By Glenn Kenny
The director Rory Kennedy has a personal connection to the subject of her latest documentary. “Above and Beyond: NASA’s Journey to Tomorrow” is a 60th-anniversary celebration of the National Aeronautics and Space Administration — NASA, that is. While the agency was founded during the Eisenhower administration, it was President John F. Kennedy, Ms. Kennedy’s uncle (the filmmaker is the daughter of Robert and Ethel Kennedy), who defined NASA’s mission for the better part of a generation by instructing it to set its sights on a manned mission to Earth’s moon.
NASA put man on the moon for the first time in 1969, via Apollo 11, and that landing brought the world together in a way those who witnessed it swear had never happened before or since. This is just one of the achievements chronicled in “Above and Beyond,” which Ms. Kennedy also narrates. Featuring contributions from assorted NASA scientists and historians, the movie considers space missions less as vehicles for human adventure — though its treatments of several NASA missions that resulted in loss of human life is sensitive — than as explorations of what’s out there. And specifically, the question of whether there’s another planet that can sustain something like human life.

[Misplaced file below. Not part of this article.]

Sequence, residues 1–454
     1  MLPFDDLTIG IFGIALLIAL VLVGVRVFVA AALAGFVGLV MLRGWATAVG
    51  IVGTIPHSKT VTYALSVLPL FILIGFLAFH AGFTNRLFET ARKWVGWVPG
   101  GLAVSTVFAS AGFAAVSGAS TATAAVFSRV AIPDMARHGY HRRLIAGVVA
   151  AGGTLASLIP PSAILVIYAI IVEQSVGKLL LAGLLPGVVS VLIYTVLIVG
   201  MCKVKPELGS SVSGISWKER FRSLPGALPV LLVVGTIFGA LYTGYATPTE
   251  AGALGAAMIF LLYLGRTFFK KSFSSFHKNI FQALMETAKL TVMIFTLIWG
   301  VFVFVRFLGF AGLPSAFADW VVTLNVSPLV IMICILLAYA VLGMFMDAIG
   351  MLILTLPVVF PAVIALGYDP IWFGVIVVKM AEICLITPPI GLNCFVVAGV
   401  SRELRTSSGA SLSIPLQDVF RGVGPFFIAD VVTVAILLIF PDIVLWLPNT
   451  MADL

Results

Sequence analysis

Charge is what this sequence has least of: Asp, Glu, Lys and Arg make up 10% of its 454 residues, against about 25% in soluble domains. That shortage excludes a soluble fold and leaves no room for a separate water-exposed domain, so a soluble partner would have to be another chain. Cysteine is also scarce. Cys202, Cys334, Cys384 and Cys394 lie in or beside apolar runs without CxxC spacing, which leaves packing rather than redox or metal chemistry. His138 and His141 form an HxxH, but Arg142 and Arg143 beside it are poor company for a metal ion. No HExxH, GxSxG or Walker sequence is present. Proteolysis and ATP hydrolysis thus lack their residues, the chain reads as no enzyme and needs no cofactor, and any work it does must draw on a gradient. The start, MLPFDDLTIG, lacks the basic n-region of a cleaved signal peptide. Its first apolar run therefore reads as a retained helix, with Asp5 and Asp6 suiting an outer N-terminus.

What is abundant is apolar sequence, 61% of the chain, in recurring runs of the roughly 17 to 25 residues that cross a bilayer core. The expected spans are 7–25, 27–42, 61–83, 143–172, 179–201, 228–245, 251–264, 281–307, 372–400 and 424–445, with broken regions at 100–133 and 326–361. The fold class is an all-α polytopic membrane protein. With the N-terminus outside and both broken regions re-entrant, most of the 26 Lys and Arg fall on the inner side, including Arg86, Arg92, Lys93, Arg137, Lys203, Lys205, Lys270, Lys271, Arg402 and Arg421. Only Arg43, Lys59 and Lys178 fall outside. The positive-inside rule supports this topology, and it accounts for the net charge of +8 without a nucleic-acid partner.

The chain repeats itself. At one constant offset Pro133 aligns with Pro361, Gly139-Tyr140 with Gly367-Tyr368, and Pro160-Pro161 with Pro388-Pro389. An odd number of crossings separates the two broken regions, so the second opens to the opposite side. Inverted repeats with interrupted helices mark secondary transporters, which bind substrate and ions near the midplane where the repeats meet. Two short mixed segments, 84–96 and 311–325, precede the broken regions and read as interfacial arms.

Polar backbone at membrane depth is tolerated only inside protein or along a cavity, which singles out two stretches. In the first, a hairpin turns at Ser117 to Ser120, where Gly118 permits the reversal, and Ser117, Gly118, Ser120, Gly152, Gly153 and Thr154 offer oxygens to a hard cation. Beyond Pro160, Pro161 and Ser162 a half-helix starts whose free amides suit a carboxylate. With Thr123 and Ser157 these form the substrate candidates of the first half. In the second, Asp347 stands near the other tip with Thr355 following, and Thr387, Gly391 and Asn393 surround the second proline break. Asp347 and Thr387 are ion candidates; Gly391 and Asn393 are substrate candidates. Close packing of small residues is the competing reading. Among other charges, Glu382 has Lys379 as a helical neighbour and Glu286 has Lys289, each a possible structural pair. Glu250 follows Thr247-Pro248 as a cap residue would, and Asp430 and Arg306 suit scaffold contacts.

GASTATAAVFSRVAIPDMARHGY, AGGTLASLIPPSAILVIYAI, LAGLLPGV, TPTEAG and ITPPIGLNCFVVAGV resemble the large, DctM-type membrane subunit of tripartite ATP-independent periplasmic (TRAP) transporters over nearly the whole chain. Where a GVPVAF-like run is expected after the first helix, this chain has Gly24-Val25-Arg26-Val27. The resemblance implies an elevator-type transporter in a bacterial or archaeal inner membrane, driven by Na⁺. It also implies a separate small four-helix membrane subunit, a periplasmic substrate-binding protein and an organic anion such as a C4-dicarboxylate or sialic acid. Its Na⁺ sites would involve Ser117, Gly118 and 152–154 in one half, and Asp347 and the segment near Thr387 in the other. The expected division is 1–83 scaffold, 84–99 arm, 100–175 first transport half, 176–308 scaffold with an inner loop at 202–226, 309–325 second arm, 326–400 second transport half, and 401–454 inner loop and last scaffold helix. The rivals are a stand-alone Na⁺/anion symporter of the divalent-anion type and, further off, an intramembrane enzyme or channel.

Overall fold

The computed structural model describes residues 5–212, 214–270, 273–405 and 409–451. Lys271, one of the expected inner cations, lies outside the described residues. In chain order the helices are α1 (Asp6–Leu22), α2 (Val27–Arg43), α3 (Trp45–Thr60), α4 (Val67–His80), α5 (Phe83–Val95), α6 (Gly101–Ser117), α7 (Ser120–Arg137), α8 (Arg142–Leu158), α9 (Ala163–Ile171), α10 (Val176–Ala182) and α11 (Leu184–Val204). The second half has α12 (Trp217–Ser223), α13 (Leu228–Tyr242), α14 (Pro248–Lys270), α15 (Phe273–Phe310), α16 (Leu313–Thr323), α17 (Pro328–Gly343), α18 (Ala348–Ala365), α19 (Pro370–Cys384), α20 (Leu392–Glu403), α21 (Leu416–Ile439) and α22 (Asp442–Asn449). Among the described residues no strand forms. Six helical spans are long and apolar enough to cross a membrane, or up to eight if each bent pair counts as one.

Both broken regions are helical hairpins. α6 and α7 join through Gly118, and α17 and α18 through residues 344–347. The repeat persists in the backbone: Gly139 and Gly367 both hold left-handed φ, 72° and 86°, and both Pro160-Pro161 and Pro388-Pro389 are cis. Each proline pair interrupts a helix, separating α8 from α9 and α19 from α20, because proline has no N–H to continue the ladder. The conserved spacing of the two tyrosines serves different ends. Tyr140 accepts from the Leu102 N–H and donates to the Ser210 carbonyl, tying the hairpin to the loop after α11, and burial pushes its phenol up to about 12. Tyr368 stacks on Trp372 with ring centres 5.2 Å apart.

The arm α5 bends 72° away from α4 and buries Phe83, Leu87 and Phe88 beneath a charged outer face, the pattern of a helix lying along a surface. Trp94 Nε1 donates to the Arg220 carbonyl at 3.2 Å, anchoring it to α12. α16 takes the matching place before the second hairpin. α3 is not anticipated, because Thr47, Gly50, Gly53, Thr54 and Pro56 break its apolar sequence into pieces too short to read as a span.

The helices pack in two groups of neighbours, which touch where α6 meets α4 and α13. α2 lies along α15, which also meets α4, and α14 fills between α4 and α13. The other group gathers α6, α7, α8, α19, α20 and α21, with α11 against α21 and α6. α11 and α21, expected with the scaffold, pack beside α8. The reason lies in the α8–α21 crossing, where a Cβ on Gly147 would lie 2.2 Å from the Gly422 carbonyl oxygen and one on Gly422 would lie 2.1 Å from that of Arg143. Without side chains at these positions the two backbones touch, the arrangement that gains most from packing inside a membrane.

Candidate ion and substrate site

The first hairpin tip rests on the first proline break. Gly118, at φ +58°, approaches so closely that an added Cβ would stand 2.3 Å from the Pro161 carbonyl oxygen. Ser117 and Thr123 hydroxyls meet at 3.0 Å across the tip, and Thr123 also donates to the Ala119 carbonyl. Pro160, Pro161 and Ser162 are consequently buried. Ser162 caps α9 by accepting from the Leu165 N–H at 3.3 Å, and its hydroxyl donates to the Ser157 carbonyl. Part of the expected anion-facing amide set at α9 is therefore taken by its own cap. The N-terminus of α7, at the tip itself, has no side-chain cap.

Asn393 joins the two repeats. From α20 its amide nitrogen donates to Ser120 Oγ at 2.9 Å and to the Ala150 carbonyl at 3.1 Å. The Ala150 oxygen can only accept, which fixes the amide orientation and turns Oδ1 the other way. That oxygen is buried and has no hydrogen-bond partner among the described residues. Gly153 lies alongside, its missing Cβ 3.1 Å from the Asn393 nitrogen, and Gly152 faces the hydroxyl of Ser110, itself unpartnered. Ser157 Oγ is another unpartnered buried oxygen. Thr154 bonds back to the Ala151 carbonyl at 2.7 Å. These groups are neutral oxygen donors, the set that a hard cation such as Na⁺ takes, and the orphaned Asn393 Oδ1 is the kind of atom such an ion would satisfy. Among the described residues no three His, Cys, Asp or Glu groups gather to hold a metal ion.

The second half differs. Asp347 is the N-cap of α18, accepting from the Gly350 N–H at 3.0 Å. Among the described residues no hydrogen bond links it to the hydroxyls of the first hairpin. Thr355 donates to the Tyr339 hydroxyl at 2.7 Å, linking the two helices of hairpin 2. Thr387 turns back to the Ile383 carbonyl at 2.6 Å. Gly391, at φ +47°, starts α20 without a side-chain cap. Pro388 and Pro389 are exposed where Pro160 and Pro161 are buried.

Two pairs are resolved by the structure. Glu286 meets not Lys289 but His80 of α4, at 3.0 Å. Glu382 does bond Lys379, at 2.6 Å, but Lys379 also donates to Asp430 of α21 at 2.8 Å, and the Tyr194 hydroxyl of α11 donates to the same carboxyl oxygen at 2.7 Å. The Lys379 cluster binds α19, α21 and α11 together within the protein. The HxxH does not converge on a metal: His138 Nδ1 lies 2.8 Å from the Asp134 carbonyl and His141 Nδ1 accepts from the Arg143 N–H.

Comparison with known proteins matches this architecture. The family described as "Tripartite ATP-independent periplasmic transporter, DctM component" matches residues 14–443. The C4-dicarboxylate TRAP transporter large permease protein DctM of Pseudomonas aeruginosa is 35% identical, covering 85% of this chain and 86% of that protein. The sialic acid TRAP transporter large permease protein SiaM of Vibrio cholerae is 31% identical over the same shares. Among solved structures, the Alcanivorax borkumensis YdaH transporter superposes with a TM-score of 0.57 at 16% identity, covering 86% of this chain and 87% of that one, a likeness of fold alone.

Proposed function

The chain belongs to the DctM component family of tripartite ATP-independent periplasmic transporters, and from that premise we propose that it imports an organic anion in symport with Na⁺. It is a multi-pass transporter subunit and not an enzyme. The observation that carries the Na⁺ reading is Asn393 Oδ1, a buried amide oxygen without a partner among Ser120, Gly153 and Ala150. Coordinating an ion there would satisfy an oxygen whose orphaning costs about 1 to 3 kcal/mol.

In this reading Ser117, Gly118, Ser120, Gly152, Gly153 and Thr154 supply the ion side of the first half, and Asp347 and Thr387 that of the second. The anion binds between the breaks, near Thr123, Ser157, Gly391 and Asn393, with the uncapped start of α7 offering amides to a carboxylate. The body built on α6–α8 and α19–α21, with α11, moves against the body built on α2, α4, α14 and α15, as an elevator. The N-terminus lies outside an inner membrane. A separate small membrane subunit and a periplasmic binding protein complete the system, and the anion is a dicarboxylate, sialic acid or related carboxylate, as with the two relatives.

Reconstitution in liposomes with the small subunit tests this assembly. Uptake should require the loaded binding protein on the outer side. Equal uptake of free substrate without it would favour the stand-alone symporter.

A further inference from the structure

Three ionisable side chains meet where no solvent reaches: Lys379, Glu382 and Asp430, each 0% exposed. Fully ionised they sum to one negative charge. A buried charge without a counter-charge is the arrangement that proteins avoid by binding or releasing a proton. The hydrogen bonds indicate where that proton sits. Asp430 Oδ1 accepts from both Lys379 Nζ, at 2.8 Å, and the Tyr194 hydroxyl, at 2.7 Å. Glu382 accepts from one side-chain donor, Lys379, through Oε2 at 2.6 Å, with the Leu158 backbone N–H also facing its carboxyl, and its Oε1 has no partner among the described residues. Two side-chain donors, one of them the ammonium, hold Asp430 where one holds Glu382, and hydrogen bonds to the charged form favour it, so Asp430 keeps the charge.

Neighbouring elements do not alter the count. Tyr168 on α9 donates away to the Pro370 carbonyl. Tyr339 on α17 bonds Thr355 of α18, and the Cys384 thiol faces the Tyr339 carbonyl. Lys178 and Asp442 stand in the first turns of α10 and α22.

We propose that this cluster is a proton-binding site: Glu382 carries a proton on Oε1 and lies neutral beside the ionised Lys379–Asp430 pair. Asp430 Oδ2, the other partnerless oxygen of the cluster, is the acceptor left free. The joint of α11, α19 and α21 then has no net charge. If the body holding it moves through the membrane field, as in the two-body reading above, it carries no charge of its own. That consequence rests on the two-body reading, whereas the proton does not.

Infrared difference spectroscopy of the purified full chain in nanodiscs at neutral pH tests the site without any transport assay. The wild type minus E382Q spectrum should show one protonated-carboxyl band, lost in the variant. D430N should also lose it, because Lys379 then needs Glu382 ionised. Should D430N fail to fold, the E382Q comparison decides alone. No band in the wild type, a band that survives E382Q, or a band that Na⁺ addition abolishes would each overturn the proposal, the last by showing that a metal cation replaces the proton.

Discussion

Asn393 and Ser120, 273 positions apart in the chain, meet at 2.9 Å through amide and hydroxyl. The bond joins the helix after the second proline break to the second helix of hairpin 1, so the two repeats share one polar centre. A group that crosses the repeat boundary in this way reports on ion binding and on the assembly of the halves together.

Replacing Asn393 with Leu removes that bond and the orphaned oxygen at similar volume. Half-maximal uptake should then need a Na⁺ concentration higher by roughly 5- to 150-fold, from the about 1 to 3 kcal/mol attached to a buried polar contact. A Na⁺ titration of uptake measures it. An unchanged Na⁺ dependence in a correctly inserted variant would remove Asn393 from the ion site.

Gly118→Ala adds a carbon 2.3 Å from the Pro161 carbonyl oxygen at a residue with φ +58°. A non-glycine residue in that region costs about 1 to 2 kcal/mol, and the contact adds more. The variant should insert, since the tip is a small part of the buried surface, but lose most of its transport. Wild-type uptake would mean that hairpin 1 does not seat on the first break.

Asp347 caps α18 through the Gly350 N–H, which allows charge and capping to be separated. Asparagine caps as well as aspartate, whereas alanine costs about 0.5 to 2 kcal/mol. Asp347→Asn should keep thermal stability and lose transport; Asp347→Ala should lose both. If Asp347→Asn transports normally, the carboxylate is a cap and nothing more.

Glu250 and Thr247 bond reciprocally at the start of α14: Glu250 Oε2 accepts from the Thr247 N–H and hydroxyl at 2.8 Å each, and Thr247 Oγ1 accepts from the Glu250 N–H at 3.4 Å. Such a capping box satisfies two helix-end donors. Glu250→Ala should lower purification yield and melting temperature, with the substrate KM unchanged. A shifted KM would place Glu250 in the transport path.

Illustrations from covers of 1950s pulp magazines shown here remind the viewer of human hopes to someday colonize Venus or Mars, planets that NASA’s crafts and instruments found to be “too hot, too cratered, with bad atmosphere,” as one scientist puts it. The film also shows how the space agency looks out for life here on Earth, monitoring from the sky the health of our coral reef ecosystems. This is not a spectacular picture, but it’s an informative and heartening one that might make a good double feature with “First Man,” the forthcoming fictionalized blockbuster about Apollo 11.
Above and Beyond: NASA's Journey To Tomorrow
Writers Mark Bailey, Don Kleszy
Rating Not Rated
Running Time 1h 30m